Philippines: Typhoons Appeal No.26/2004 Final Report
Appeal No. 26/04; Final Report; Period covered: 13 June 2005 -- 31 August 2005 ; Final Appeal coverage: 77.5%; The final financial report here attached replaces the interim report published on 4 October 2005. ( C lick here to go directly to the attached Financial Report).
The Philippine National Red Cross (PNRC) submitted a separate proposal to the Federation regional delegation in Bangkok for the utilization of the remaining appeal funds. The proposal aimed at increasing response preparedness capacity at the national level by advancing the gains in development achieved under the Typhoon Emergency Appeal (No. 26/04) programme on instit utional capacity building. It also included the establishment of the national disaster response team, the pilot testing of the assessment templates, in-country logistics training, and the repair of heavy transport fleet for disaster response operations.
- Preliminary appeal launched on 2 December 2004 for CHF 2,011,000 (USD 1,749,036 or EUR 1,316,738) for three months for 250,000 beneficiaries.
- Appeal revised on 15 December 2004 for CHF 4,193,878 (USD 3,634,146 or EUR 2,731,487) for six months for 60,000 families (some 300,000 beneficiaries).
- The appeal timeframe was extended to the end of August 2005 on 13 June 2005 .
- Disaster Relief Emergency Funds (DREF) allocated: CHF 150,000.
Related Emergency or Annual Appeals: Philippines Floods and Landslides Emergency Appeal 03/04, Southeast Asia Regional Appeals 01.66/2004 and 05AA057
Background and summary
In late November and early December 2004, a series of four typhoons battered the islands of Luzon in the Philippines. The destruction was so great that the Philippine government had requested for international assistance to repair damaged infrastructure including roads, bridges, schools, health centres and dikes. The destruction covered several provinces in Northern Luzon, Central Luzon, Southern Luzon and the Bicol Region.
These areas are prone to annual typhoons, but this was an unusual case,cons idering that some provinces were struckse veral times in a matter of days with cumulative effects on the environment and the communities. Secondary disasters also occurred as a result of the typhoons, including flash floods, mudslides and epidemics.
The PNRC is mandated to assist the Philippine government in relief, health, welfare and development. Immediately after the typhoons, it had mobilized its chapters in relief distribution, utilizing local relief funds to support the disaster operations in affected areas. Its local resources, however, were exhausted because of the magnitude of the disaster and large number of affected families. It had asked the help of local donors and the Federation to seek international assistance. The Federation sent its regional programme coordinator for Southeast Asia and two disaster risk management programme officers to draft an international appeal in Manila, Philippines together with some members of the PNRC technical staff. Coordination meetings were held with the UND isaster Assessment and Coordination (UNDAC) team, the National Disaster Coordinating Council and other agencies involved in disaster response operations to avoid duplication and ot maximize resources. With the approval of PNRC, the appeal was finalized and sent to Geneva for dissemination. The formal launching of the appeal was undertaken together with the UNDAC team at the Asian Institute of Management attended by members of the diplomatic community and representatives from various components of the UN system and leaders of PNRC and the Federation. By early January 2005, the appeal was fully covered.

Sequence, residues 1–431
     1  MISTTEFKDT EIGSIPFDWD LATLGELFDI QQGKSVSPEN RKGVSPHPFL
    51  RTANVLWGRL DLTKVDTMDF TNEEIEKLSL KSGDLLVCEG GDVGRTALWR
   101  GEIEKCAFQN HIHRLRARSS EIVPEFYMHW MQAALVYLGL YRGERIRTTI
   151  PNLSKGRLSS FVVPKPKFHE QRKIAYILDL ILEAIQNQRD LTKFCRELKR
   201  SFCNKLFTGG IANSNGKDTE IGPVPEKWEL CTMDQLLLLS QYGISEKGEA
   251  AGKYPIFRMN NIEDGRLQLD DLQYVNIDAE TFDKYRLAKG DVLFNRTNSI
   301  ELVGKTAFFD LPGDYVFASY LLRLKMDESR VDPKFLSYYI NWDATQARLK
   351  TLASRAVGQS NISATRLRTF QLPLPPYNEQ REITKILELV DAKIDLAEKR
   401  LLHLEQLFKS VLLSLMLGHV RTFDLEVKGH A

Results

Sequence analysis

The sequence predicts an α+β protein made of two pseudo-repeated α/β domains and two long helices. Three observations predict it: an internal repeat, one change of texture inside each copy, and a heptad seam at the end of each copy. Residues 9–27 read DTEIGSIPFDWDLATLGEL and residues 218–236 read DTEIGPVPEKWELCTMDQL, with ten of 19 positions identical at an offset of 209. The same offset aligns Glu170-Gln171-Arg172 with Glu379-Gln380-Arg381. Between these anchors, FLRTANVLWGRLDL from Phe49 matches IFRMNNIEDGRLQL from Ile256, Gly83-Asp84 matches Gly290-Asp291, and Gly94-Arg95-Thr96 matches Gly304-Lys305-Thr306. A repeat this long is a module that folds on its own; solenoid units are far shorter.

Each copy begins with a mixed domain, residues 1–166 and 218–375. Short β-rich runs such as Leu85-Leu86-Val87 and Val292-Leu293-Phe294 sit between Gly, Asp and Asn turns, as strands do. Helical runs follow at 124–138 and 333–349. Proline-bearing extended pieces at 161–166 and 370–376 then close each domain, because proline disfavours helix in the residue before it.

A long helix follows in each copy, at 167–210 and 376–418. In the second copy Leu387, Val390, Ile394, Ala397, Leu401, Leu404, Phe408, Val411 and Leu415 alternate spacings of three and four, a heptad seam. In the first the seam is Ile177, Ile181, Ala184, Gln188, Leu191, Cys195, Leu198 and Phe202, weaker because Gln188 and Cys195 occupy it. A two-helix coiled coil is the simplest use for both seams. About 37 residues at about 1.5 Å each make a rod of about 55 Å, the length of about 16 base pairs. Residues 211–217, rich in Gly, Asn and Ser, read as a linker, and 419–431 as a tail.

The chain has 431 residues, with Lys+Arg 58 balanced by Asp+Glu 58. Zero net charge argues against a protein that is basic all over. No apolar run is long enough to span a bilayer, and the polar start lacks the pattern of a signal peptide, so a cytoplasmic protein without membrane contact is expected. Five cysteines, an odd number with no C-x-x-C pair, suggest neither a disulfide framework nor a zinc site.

A modest delegation of three people was set up by the Federationi n the Philippines with a head of delegation, a logistics delegate and a finance delegate. For its part, t h e PNRC organized a project team led by the head of h t e disaster management service, and composed of contractual workers hired for the project and permanent staff of the disaster management service, community health and nursing service, logistics and other support departments involved in the operation.
All International Federation assistance seeks to adhere to the Code of Conduct for the International Red Cross and Red Crescent Movement and Non-Governmental Organizations (NGO's) in Disaster Relief and is committed to the Humanitarian Charter and Minimum Standards in Disaster Response (Sphere) in delivering assistance to the most vulnerable. For longer-te rm programmes in this or other countries or regions, please refer to the Federation's Annual Appeal. For support to or for further information concerning Federation programmes or operations in this or other countries, or for national society profiles, please also access the Federation's website at http://www.ifrc.org
For further information specifically related to this operation please contact:
In Manila: Mr. Victor Liozo, PNRC Secretary-General; email: email@example.com; Phone: +63.2527.8386; Fax: +63.2527.08 57
In Bangkok: Alan Bradbury, Programme Coordinator, Regional Delegation; email: firstname.lastname@example.org; Phone: +66.2.640.8211; Fax: +66.2.640.8220;
In Bangkok: Bekele Geleta, Head of Regional Delegation; email: email@example.com; Phone: +66.2.640.8211 ; Fax: +66.2.640.8220
In Geneva: Charles Evans or Sabine Feuglet, Southeast Asia Desk Officer, Asia Pacific Department; email: firstname.lastname@example.org or email@example.com; Phone: +41.22.730.4320/4456; Fax +41.22.733.0395 For longer-te rm programmes, please refer to the Federation's Annual Appeal.
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